US Telecom says that the FCC's call to mandate that ILECs (incumbent local exchange carriers) provide IP services to competitive telcos at comparable prices to legacy TDM services could actually delay the U.S. telecom industry's migration to all-IP networks.
"The FCC's focus on retail customers is important, and we look forward to working with the commission to ensure that they successfully transition to new and better networks and services," said Jon Banks, senior vice president for US Telecom, in a statement. "We understand the commission's concern with competition in enterprise markets, but given the degree of competitive service choices available, mandates that new services be reasonably comparable to legacy services threaten to complicate and delay the transition without providing any significant counterbalancing benefit."
Being one of the leading advocates of the ILEC community, US Telecom's sentiment should not be all that surprising.
The industry forum's revelations come in the wake of a new proposal from FCC Chairman Tom Wheeler that is designed to protect both businesses and consumers as ILECs migrate more of their networks from copper to fiber and IP.
Set to be discussed at its Aug. 6 open meeting, Wheeler's proposal addresses copper retirement and next-gen IP service pricing.
Under the FCC's proposal, ILECs would be required to provide notice to CLEC wholesale customers that use copper facilities to deliver voice and Ethernet over Copper (EoC) services to business customers. ILECs would also be given the option to retire copper networks and replace them with fiber without prior Commission approval, but only if no service is discontinued, reduced, or impaired.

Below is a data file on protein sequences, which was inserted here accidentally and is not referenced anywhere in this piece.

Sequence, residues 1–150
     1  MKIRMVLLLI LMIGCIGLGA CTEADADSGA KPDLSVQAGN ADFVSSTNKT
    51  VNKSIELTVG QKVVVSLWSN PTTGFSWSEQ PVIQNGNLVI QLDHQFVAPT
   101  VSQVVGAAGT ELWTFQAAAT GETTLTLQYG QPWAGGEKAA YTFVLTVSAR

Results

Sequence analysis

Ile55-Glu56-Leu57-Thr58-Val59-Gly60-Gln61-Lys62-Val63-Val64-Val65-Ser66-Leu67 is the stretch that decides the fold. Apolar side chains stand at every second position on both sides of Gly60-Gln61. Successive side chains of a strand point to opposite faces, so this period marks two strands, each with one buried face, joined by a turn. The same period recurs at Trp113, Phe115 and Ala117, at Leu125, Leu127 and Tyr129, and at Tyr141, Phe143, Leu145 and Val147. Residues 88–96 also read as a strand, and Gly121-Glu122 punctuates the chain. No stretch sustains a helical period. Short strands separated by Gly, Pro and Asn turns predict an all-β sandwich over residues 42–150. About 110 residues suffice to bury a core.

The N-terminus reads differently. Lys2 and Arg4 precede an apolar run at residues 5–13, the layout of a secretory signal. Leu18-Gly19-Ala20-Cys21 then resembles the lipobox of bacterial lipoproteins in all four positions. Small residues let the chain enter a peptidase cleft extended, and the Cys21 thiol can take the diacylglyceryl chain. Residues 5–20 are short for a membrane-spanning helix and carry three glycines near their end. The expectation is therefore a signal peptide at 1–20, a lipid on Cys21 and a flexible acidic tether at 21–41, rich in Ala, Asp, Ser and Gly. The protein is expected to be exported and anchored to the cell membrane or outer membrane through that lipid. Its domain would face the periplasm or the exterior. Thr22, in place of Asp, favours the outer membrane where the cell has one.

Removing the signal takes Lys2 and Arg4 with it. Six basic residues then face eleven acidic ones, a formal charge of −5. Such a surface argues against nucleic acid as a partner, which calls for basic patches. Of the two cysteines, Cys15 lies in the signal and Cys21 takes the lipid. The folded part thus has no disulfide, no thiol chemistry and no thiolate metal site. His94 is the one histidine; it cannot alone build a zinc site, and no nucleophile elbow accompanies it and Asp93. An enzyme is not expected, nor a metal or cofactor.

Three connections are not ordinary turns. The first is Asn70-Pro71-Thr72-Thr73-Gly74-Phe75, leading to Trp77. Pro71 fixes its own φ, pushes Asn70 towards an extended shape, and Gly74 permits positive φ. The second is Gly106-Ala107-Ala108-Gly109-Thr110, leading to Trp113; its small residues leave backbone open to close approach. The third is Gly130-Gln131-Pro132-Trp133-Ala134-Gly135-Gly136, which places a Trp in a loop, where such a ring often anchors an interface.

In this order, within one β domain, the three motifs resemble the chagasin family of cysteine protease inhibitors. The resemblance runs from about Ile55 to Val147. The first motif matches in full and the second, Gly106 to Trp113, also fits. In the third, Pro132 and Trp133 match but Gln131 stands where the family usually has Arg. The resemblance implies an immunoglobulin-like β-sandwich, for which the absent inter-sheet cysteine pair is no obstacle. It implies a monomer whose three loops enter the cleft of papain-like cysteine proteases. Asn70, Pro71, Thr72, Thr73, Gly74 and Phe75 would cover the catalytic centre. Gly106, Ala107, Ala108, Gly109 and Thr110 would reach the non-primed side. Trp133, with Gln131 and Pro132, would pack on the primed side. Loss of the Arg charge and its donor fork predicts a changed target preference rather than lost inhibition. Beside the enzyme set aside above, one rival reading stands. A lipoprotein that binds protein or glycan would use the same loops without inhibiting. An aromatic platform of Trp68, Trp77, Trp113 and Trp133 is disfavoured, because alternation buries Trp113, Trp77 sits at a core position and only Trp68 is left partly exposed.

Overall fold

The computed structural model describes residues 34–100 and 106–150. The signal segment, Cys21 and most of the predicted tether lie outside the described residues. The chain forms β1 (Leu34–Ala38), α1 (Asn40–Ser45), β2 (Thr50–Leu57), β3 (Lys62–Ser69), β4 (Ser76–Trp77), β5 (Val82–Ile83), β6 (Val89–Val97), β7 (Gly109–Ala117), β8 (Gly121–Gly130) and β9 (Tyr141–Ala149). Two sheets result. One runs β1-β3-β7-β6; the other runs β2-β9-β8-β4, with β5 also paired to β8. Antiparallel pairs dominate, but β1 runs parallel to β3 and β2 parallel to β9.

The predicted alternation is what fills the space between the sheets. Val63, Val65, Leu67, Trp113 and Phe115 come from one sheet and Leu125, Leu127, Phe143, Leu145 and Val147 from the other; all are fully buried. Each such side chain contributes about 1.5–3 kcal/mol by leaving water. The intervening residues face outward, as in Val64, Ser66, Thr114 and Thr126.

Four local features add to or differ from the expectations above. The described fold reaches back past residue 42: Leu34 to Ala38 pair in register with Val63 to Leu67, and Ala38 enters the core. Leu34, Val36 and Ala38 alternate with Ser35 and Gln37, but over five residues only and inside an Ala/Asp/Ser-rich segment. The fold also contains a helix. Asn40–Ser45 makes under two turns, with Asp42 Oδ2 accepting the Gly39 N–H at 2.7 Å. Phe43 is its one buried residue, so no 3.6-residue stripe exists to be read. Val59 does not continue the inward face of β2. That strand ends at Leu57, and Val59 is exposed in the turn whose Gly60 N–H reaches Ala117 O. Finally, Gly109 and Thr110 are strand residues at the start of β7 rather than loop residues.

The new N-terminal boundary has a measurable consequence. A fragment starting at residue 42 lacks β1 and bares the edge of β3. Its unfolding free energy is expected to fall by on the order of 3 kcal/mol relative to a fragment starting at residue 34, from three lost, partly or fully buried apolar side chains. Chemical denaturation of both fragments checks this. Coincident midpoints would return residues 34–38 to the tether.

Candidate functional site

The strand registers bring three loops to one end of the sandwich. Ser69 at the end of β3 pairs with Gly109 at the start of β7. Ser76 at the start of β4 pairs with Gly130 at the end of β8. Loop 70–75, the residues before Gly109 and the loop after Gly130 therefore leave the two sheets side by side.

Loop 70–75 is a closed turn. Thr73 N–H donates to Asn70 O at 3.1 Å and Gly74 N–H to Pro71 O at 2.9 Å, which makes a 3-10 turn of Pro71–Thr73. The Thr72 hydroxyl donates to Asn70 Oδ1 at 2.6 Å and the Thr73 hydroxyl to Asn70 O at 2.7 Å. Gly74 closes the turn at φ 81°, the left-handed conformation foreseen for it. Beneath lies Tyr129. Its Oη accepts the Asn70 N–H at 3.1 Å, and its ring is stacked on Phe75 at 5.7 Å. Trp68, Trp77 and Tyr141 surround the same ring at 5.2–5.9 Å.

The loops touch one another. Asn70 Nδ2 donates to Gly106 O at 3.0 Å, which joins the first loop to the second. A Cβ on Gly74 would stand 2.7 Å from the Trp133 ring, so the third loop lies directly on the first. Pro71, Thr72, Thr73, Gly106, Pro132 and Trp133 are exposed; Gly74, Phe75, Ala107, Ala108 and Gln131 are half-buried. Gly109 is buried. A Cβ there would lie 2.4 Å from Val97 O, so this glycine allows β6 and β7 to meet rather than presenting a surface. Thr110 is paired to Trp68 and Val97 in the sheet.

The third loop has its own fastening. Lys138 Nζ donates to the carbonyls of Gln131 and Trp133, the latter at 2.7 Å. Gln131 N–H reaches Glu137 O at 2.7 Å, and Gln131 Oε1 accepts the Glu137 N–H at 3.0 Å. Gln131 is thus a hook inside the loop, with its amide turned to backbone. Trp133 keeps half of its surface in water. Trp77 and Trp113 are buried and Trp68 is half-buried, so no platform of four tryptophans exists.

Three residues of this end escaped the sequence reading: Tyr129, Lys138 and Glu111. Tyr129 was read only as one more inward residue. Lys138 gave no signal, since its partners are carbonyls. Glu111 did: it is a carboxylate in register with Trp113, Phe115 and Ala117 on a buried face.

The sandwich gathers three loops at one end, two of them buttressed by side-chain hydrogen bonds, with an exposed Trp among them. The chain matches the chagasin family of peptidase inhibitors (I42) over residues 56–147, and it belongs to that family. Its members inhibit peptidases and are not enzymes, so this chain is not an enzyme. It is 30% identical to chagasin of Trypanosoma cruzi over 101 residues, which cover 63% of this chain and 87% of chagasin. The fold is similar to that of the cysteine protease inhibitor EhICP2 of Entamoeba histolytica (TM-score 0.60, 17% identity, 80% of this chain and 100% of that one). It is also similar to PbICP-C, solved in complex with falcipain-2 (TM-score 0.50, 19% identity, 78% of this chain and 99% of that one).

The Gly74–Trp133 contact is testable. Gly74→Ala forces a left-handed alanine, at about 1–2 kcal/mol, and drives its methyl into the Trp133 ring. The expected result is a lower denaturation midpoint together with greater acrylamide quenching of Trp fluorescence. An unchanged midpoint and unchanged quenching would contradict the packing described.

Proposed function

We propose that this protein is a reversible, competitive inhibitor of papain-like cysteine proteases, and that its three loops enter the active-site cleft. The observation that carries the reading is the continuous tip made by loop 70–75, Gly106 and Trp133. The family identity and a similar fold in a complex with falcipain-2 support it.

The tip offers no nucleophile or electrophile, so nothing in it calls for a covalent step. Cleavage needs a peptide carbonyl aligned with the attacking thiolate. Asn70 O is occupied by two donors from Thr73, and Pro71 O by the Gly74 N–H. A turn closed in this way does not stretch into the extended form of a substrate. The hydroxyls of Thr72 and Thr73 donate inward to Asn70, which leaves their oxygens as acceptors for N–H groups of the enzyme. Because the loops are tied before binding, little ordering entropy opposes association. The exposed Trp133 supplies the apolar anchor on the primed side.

The FCC has also proposed protections to ensure that ILECs can't jack up prices on next-generation IP services. Competitive local exchange carriers (CLECs) and their SMB customers that depend on lower-speed TDM-based T1 and related services face uncertainty as incumbent carriers prepare to stop offering some of these services.
Both of these issues have kicked off a bitter battle between CLECs and ILECs like Verizon (NYSE: VZ). Echoing a similar sentiment by US Telecom, Verizon complained about XO Communications' requirement to provide one-year notice when the carrier is going to retire copper in a certain area. Verizon said that having to provide such notice will delay their transition to IP and fiber.
Joining Verizon are AT&T (NYSE: T) and CenturyLink (NYSE: CTL), which said in separate filings with the FCC that a recent request by Granite Telecommunications to combine unbundled local circuit switching and shared transport services is not only procedurally flawed, but could also inhibit their transitions to an all-IP network.
- see US Telecom's statement
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